By Callie Jackson 
According to the Ontario Alzheimer Society, each year 25,000 Canadians are diagnosed with Alzheimer’s or dementia and it’s estimated more than 4,000 people are living with dementia in the Hastings and Prince Edward County.
Darlene Jackson is the education support co-ordinator at the Hastings and Prince Edward County Alzheimer Society and says six out of 10 people who have dementia are at risk of wandering off.
“The Finding Your Way is a program developed to help educate and raise awareness of the risk of people who have dementia and can go missing. It’s not a question of if, it’s a question of when,” she says.
Finding Your Way helps educate professionals who work with people with dementia and members of the public and giving information that covers all aspects of keeping people with dementia safe.
“Finding your Way is a tool box of information for tips and strategies to keep people safe, to keep yourself safe if you have dementia, and awareness for the public and for professionals to know what to look for if someone might be lost,” says Jackson.
The Finding Your Way program offers one-hour seminars for professionals in the field and for the general public to inform them on how to help a person with dementia if they are lost.
“Our job is to help minimize the effects of dementia, on the person with dementia as well as their caregivers and their loved ones, as well the public,” she said.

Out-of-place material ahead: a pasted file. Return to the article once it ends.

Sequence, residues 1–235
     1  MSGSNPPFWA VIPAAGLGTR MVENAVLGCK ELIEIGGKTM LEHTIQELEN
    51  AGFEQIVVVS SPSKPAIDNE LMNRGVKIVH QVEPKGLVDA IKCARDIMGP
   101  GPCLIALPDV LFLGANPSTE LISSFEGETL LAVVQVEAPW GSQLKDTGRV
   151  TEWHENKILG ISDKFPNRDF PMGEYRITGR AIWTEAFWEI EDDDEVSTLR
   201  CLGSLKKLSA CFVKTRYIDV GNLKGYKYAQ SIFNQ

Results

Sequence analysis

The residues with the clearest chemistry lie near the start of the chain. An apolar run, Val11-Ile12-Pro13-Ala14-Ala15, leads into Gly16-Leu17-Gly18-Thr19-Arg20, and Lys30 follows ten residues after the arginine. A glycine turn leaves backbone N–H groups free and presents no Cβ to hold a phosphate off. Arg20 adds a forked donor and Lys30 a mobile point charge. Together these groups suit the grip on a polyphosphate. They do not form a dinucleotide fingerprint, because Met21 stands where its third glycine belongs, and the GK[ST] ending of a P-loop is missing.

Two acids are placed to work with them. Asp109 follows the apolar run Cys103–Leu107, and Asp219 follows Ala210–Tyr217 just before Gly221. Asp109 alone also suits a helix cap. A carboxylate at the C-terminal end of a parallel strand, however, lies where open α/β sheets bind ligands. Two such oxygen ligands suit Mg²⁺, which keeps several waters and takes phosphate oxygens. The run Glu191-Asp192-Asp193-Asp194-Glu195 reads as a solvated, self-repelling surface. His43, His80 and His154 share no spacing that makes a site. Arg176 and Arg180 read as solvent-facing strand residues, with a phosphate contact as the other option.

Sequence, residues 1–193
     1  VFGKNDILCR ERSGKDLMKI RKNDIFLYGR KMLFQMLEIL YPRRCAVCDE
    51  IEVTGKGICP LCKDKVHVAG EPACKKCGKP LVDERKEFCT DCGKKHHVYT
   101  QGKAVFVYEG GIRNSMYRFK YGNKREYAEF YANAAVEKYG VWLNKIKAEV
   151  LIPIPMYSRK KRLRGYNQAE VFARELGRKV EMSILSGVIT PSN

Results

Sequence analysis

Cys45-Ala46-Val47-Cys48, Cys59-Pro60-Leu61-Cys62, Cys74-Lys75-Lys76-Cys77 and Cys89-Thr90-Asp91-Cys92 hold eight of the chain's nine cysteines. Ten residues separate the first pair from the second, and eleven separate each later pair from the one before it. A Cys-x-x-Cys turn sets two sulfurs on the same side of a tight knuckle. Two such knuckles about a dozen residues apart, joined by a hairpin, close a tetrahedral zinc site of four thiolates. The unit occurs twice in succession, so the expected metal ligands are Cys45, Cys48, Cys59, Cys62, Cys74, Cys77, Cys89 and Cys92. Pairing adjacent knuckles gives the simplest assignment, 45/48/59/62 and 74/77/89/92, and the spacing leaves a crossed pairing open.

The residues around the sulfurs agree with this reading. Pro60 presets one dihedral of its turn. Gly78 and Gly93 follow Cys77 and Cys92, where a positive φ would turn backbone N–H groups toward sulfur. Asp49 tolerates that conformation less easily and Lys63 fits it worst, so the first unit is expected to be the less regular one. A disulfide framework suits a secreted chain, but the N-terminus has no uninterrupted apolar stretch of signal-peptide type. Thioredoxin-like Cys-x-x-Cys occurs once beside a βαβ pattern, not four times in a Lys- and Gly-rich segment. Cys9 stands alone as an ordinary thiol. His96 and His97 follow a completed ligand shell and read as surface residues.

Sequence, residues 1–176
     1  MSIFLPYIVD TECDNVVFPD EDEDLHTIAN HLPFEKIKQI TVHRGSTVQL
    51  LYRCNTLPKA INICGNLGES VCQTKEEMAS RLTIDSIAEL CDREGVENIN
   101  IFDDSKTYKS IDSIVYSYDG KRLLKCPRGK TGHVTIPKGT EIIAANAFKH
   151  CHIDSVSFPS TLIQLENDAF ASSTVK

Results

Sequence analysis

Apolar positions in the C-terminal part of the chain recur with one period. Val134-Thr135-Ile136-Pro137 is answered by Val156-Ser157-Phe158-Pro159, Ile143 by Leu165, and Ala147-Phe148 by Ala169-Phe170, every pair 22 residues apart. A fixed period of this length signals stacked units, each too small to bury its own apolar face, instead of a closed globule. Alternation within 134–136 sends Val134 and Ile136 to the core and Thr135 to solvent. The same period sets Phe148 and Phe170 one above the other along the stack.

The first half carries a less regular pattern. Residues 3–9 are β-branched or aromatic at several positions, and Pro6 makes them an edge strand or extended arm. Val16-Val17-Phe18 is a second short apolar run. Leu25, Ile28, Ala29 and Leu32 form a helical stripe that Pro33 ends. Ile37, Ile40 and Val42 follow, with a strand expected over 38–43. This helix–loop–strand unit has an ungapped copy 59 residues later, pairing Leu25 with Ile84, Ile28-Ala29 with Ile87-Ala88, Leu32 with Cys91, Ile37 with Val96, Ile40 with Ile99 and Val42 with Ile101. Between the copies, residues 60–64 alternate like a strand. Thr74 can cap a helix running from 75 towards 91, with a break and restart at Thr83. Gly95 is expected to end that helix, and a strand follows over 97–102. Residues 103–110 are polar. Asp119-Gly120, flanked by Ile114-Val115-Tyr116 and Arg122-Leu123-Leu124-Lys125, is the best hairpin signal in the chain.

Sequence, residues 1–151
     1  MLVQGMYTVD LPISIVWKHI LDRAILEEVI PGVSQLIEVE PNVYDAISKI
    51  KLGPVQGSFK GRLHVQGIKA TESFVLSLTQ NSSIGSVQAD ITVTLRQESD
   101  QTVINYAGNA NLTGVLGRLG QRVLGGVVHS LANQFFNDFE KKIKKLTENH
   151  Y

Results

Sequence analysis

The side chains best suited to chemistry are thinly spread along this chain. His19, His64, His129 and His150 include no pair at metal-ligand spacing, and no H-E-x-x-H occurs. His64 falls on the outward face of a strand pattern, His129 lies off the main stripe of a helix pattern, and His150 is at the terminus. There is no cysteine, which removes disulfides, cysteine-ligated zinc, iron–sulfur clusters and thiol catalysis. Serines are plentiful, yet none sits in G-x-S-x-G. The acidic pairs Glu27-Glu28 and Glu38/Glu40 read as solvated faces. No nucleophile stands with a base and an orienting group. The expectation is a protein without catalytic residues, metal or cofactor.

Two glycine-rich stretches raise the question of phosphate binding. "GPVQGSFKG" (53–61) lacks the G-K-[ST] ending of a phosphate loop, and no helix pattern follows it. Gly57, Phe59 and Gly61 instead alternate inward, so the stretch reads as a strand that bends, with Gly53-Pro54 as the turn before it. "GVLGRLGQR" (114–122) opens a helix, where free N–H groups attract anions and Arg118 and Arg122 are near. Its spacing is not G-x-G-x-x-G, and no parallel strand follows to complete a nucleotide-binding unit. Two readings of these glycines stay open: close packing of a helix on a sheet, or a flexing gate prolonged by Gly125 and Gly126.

The program’s safety kit has also been introduced to help families create a personalized safety plan.
The kit includes photo identification, a physical description of the person, at-home safety steps to prevent missing persons incidents, and tips on what to do when a person goes missing.
Jamie Potter, a Loyalist College graduate, is a caregiver for a person with dementia and says the Finding Your Way program is beneficial for everyone.
“I think everyone should have to participate, because almost everyone is affected by dementia one way or another,” she said.
Potter has been a caregiver for three years and says she’s interested in participating in a seminar.
“I think it would help us have a better understanding of how to deal with a person with dementia. I think everyone needs that because it’s difficult to understand what’s someone going through when their brain goes through the change like that,” she said.
The next Finding Your Way public information sessions will be held at the Alzheimer Society’s office at 470 Dundas St. E. from 10 a.m. to 11:30 a.m. this Tuesday and on Wednesday, Feb. 8.
To register for a seminar or for details contact Darlene Jackson or call 613-962-0892. You can also complete a one-hour learning session online or download the Finding Your Way ID kit.
For more information click on the Ontario Alzheimer Society’s website link here.